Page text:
‘C’ is for healthy(ish) pumpkin oatmeal raisin cookies

They’re vegan, but there’s no need to be afraid.

You don’t usually hear the words “cookies” and “healthy” in the same sentence.

Unless they’re separated by the word “not.” Same goes for the words “vegan” and “tasty.”

But these treats break the mold.

I spent the better part of my mid-20s as a vegetarian. I made it three of those months without milk, eggs or cheese. While I know there are many great vegan recipes out there, I spent most of my time longing for the comfort foods of the non-veg world.

Everything I tried to make tasted like grass and sadness, but then I found these gems. A cookie that actually tasted like a cookie — it was a vegan miracle!

My meat-loving family still requests them every Thanksgiving, but I recently whipped up a batch for a co-worker’s birthday. Make no mistake: Pumpkin and nutmeg are not just for the fall.

And, they’re not too bad for you, I promise — especially if you cut out the oil and use a smidge less sugar than the original recipe calls for. Each cookie is just 70 calories and packs 1.6 grams of protein, 1 gram of fiber and 16 percent of your daily value of vitamin A.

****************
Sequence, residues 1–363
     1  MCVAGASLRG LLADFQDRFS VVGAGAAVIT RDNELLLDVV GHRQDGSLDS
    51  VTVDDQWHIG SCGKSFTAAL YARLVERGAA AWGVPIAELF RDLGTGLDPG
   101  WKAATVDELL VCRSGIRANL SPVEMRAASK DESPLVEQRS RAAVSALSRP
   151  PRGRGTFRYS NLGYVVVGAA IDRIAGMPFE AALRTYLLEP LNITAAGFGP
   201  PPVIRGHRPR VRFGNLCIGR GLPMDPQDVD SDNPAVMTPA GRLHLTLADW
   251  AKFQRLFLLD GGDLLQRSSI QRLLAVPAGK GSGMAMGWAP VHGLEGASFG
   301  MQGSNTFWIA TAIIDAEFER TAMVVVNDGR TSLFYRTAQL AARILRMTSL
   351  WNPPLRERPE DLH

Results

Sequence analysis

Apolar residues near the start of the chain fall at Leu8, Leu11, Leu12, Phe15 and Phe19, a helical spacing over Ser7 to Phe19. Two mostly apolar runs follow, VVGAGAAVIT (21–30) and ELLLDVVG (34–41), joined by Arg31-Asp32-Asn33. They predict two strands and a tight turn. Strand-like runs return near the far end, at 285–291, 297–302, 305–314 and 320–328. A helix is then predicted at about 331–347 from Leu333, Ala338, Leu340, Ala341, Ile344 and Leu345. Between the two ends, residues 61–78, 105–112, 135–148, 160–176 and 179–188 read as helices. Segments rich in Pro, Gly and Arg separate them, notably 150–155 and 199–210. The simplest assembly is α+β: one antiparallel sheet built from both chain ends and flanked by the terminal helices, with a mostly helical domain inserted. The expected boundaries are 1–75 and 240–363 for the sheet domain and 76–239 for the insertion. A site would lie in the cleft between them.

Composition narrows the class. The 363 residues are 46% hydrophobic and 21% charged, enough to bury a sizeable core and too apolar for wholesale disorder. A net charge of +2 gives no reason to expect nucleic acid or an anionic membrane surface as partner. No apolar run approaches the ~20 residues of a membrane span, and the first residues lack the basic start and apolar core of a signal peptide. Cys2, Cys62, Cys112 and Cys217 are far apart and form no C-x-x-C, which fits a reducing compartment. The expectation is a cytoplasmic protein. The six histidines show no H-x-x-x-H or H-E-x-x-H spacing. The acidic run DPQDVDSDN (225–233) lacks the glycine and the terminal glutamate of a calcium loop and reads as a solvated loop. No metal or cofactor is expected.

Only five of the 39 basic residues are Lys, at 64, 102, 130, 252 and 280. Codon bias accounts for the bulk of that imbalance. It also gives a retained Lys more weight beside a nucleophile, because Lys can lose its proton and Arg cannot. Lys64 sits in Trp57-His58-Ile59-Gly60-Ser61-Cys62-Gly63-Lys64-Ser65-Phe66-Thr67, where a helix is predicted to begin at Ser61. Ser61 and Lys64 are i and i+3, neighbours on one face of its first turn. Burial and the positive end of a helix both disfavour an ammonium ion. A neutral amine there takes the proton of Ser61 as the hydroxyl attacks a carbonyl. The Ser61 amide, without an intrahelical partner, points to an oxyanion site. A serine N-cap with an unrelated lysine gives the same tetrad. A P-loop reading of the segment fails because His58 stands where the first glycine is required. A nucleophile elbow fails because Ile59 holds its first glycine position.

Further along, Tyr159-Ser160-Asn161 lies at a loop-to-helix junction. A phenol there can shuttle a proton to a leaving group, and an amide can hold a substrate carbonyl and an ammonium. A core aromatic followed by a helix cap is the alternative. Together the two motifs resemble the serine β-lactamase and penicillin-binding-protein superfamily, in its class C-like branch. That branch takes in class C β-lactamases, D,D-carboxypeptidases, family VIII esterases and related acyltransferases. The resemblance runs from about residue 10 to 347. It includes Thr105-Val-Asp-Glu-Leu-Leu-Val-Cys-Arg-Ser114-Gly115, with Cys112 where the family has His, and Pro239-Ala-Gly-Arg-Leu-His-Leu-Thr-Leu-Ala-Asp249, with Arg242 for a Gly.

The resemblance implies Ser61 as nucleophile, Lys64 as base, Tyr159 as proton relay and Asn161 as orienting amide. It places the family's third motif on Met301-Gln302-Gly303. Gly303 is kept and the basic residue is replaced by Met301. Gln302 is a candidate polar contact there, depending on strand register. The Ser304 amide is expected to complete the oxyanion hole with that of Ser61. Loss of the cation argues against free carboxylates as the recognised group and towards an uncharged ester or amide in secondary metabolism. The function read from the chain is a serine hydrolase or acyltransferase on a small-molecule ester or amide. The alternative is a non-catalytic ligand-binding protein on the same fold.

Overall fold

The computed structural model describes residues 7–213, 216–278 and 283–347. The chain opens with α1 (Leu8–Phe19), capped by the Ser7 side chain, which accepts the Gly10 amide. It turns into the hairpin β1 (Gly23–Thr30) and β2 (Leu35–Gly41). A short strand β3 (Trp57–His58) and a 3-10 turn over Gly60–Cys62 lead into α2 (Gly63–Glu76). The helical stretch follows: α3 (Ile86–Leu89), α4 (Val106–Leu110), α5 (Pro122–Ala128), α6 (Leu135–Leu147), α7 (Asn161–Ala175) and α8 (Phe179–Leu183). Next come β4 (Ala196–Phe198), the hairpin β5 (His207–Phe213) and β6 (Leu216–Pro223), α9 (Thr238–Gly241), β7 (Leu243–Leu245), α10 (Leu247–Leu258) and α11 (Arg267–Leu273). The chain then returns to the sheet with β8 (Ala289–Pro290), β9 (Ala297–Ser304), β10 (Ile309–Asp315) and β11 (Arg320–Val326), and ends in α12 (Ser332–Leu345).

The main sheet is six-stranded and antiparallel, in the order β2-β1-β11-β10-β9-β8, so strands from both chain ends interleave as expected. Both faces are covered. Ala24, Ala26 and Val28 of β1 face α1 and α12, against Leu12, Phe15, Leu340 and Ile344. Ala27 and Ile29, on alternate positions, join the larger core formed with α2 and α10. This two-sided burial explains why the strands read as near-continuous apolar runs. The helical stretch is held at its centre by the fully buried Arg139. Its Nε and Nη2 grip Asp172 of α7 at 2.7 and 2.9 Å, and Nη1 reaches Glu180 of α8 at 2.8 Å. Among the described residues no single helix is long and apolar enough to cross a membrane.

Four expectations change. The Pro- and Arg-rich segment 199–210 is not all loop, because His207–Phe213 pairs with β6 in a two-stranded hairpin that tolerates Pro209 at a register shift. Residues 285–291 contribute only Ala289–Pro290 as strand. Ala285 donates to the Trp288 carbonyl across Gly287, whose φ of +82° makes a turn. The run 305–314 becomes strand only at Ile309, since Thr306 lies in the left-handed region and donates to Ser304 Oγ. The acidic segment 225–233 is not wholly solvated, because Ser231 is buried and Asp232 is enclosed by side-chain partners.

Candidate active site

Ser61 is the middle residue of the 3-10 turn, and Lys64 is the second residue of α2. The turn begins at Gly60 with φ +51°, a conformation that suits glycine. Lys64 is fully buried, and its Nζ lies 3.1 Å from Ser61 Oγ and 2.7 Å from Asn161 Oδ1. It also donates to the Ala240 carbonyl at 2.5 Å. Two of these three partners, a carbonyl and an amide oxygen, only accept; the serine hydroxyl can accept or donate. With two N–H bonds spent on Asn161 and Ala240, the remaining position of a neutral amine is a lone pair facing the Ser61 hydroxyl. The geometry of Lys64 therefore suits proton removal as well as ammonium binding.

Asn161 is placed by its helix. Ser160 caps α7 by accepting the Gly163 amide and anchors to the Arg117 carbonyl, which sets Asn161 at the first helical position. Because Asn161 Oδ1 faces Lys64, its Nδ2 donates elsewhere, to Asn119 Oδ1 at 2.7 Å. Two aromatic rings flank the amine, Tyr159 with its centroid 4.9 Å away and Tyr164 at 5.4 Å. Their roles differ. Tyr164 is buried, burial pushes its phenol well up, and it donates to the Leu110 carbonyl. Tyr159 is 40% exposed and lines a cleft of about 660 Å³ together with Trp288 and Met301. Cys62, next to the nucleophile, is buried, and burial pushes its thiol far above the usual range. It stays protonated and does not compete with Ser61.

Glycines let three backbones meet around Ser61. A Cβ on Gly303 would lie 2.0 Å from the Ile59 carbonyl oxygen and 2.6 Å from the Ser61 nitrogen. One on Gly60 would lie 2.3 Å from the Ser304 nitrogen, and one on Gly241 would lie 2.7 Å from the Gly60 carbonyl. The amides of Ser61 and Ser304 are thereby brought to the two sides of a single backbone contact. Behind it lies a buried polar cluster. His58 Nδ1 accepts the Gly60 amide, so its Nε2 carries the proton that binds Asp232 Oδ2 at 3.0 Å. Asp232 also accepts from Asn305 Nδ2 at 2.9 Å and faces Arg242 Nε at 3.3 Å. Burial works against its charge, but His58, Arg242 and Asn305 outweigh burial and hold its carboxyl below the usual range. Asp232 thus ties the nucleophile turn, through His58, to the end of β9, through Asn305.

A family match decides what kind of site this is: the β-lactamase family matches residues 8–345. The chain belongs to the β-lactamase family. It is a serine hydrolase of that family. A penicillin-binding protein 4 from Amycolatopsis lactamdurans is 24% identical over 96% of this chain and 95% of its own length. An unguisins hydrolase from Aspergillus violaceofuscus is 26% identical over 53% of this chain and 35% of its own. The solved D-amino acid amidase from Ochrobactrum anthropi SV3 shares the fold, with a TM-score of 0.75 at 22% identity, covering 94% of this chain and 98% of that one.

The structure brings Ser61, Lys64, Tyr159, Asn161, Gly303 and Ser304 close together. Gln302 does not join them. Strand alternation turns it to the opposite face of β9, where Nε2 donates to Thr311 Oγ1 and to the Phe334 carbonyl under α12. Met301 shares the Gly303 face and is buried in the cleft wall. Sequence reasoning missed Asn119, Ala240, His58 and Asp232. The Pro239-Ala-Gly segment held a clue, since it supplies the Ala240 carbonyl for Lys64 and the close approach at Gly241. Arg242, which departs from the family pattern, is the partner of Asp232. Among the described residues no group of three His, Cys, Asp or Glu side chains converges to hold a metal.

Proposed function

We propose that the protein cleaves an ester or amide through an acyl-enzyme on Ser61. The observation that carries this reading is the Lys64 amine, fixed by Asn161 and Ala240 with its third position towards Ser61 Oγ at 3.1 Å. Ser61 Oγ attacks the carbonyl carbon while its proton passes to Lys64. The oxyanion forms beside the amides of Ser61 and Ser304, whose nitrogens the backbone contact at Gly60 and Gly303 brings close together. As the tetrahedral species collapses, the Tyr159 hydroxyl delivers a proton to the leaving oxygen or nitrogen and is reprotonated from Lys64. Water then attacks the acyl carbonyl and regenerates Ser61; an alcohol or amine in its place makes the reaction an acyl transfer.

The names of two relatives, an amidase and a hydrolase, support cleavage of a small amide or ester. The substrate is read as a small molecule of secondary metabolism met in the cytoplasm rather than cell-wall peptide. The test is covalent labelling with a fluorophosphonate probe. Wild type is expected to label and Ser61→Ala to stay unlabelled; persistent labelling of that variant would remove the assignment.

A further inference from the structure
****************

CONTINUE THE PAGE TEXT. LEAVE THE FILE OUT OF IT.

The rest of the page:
Vegan pumpkin oatmeal raisin cookies

Adapted from Post Punk Kitchen, makes 48 cookies

Ingredients
2 cups flour
1 1/3 cups rolled oats
1 teaspoon baking soda
3/4 teaspoon salt
1 teaspoon cinnamon
1/2 teaspoon nutmeg
1 cup sugar
2/3 cup applesauce
2 tablespoons molasses
1 cup canned pumpkin, or cooked pureed pumpkin
1 teaspoon vanilla
1 cup walnuts, finely chopped
1/2 cup raisins

Directions

Preheat oven to 350.

Mix together flour, oats, baking soda, salt and spices.

In a separate bowl, mix together sugar, applesauce, molasses, pumpkin and vanilla until combined. Add dry ingredients to wet in three batches. Fold in walnuts and raisins.

Drop by tablespoons onto cookie sheets, about 1 inch apart. Flatten the tops of the cookies with a fork or with your fingers. Bake for 16 minutes at 350 degrees.

Remove from oven and get cookies onto a wire rack to cool. These taste best when they’ve had some time to cool and set — and even better the next day.

About April Trotter

Editor of Smart. NEPA transplant. Penn State and Shippensburg grad. Kickball and craft beer enthusiast. Collector of cardigans. "Bennie and the Jets" fanatic. Contact me at atrotter@ydr.com, at "Smart magazine" on Facebook, @SmartMagPA on Twitter or by phone at 717-771-2030.
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